Then by the time I got down here on trial, there was Johnny Wark, there was George Bowler. There was a lot of Scottish lads, Newcastle lads, it was a breath of fresh air when I signed, it was wonderful.

I just getting in after 1978 when we beat Arsenal the cup. I flew the following morning to America to try and find a yard of pace. Bobby thought it'd do me good, rather than lying on the beach drinking San Miguels. He said, "get yourself to America, find me some pace", and I did, I met George Best. Played against Besty and people like that so I had a beer with them instead.

But it was a great. I went all over America, it was wonderful. Came back and basically getting in the team. Of course 81 and 82, we should have won the league twice. Liverpool came in on an almighty run to beat us.

As well as Villa. Villa beat us in 81 when we were going for it, we lost the semi-final of the FA Cup. With a good run in the League Cup, we thought we were going to win the old First Division, which is now the Premier League.

Luckily enough, we beat Villa home and away and knocked them out the FA Cup. But they had less injuries than we had, and we both didn't have squads.

Villa ended up winning playing 14 players. You tell the guys that now, you know, 14 players they won the league with. When we were playing we had one sub at the time. If we had two injuries, we were struggling and we just ran out of players. So we had to settle for the UEFA Cup.

That UEFA cup run was amazing. I remember, we were pretty lucky in Greece. We played Aris Thessaloniki and it was a battle out there. The coach got stoned after the game, bricks, bottles, you name it. Then it was amazing, we played Bohemians of Prague, Panenka, that great player, played for them.

I always remember running out in Prague in this stadium, packed to the rafters, smelling the booze and the tobacco, you could smell it all around you. And we beat them.

Then we played Widzew Łódź from Poland, with [Zbigniew] Boniek. Remember Boniek? Red hair. Juventus. Beat them 5-0. Battered them. Absolutely battered them.

Progressed to the quarterfinals, Saint-Étienne had never been beaten at home in Europe. We battered them 4-0. Dominique Rocheteau. The French George Best. You had Michel Platini. You had Johnny Rep. What a side they had, by the way. And we battered them.

Semifinal. Köln. There's a guy called Bonhof at the back. Rainer Bonhof. You had Toni Schumacher in goal.

And then we won the final in Amsterdam, home and away, against a very good Dutch side. Half of the side were in the Dutch national side, and we beat them to win it.

So thank God we won something that year, because we had some side.

Then the following year, we get knocked out cups early and then the team broke up. Bobby left and we ran out of money and everyone left the club, which was a great shame. But I live in Suffolk and I still get out now and again.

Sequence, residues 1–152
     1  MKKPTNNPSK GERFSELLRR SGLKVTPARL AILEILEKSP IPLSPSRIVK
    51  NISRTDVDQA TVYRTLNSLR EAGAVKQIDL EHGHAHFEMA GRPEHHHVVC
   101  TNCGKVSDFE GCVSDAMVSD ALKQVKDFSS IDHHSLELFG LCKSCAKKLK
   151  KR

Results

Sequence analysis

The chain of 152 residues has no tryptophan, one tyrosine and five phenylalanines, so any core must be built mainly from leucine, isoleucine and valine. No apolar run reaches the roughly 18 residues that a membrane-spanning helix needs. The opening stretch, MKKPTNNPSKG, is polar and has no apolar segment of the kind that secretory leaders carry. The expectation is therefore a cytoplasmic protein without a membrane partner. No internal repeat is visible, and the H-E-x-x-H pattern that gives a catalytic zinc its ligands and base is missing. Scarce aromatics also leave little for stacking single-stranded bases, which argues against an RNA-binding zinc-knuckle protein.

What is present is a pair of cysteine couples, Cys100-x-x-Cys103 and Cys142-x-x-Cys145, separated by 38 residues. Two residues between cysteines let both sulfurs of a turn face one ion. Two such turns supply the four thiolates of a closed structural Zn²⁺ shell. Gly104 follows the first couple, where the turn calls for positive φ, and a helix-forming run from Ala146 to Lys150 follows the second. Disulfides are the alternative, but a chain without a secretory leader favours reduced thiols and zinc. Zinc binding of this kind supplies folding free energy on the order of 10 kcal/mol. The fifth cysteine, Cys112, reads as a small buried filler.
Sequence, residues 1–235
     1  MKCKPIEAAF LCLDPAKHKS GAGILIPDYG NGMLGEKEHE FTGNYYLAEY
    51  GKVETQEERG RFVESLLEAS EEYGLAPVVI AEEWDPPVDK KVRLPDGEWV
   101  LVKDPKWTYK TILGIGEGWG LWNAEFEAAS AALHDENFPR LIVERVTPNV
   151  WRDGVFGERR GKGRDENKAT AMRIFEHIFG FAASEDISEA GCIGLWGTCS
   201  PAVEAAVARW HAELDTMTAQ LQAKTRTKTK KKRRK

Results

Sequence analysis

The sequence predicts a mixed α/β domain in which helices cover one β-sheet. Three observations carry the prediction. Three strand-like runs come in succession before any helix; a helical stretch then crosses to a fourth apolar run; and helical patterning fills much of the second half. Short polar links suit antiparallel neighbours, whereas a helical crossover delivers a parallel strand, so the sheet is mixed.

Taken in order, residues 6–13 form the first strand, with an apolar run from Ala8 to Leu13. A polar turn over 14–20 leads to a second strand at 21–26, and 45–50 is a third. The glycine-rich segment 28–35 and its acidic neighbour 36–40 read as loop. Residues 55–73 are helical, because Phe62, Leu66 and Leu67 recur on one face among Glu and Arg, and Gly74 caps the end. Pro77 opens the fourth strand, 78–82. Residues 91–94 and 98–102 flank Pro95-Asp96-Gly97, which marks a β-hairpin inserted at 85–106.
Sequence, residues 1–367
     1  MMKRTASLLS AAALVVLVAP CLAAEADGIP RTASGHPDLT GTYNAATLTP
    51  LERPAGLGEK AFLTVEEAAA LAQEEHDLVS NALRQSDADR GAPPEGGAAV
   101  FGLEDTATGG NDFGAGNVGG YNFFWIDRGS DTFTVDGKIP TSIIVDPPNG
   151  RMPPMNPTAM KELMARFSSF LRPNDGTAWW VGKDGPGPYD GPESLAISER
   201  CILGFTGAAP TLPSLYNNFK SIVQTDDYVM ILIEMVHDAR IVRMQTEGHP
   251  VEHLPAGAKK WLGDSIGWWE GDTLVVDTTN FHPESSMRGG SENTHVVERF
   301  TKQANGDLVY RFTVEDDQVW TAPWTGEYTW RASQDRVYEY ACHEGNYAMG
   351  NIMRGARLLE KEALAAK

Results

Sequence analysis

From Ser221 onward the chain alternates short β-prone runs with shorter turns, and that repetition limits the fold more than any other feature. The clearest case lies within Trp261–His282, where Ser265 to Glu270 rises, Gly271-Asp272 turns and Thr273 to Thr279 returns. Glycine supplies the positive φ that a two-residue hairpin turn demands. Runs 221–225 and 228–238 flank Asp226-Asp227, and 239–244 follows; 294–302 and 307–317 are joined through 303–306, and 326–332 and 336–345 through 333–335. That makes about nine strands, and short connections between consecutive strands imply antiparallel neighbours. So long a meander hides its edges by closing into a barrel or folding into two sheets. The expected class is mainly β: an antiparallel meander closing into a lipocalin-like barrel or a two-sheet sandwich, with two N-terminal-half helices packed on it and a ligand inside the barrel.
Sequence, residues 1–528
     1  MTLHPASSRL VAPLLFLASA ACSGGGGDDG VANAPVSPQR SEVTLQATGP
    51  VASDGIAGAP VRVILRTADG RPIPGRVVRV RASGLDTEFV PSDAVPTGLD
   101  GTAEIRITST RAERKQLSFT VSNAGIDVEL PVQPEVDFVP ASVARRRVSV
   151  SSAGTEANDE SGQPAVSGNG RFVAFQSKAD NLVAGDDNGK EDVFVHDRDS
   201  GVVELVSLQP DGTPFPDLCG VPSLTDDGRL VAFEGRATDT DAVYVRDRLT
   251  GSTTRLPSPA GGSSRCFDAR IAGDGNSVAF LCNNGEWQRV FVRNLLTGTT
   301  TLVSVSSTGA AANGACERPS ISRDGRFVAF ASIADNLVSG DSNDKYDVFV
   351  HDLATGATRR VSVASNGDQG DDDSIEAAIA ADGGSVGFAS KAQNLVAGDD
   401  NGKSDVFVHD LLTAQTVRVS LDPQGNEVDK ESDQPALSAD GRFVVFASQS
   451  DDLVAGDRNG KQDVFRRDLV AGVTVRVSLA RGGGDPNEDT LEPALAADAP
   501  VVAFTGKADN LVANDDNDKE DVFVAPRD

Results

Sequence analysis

Unfortunately, the team has struggled a bit in recent years, they're in League one at the moment. What do you think the club need to do in order to return to its former glory?

We're getting there. We're third from top. Whether we can catch Plymouth, who are second from top, if we can catch them...

We're playing really well, we're punishing sides. We're not putting our chances away, that we can do. We're getting a lot of draws when they should be wins.

But we're getting 32,000, I think there's 26,000 there last time. And if we keep it going, there's American owners behind us now, and there's plenty of money there.

So I honestly believe if we can finish second, get automatic, because the playoffs, as you know, anything can happen. But if we can get second and get up, there'll be more money for the manager to spend.

He's a rookie manager. There'll be more money, and then the Championship would be wide open. It's not easy, the Championship, but I honestly think that if we get the Championship with some extra players, with the money we've got behind us and the crowds behind us, we'll be full every home game, we've got a chance to get back the big time.

Then it's a different ball game. Once you get the Premier League, it's survival for three years.

Onto the Champions League, who do you think will lift the trophy in Istanbul this year?

I'd love to see City and I hope it is. I just love the way City pass the ball and Grealish has now come on again. Foden has come back with a bang. I think we're still yet to see the best of Haaland. His dad come up to me at the Arsenal game, I went to the Emirates, they come up and said, a lovely guy, Alfie, so I'd love to see City win it.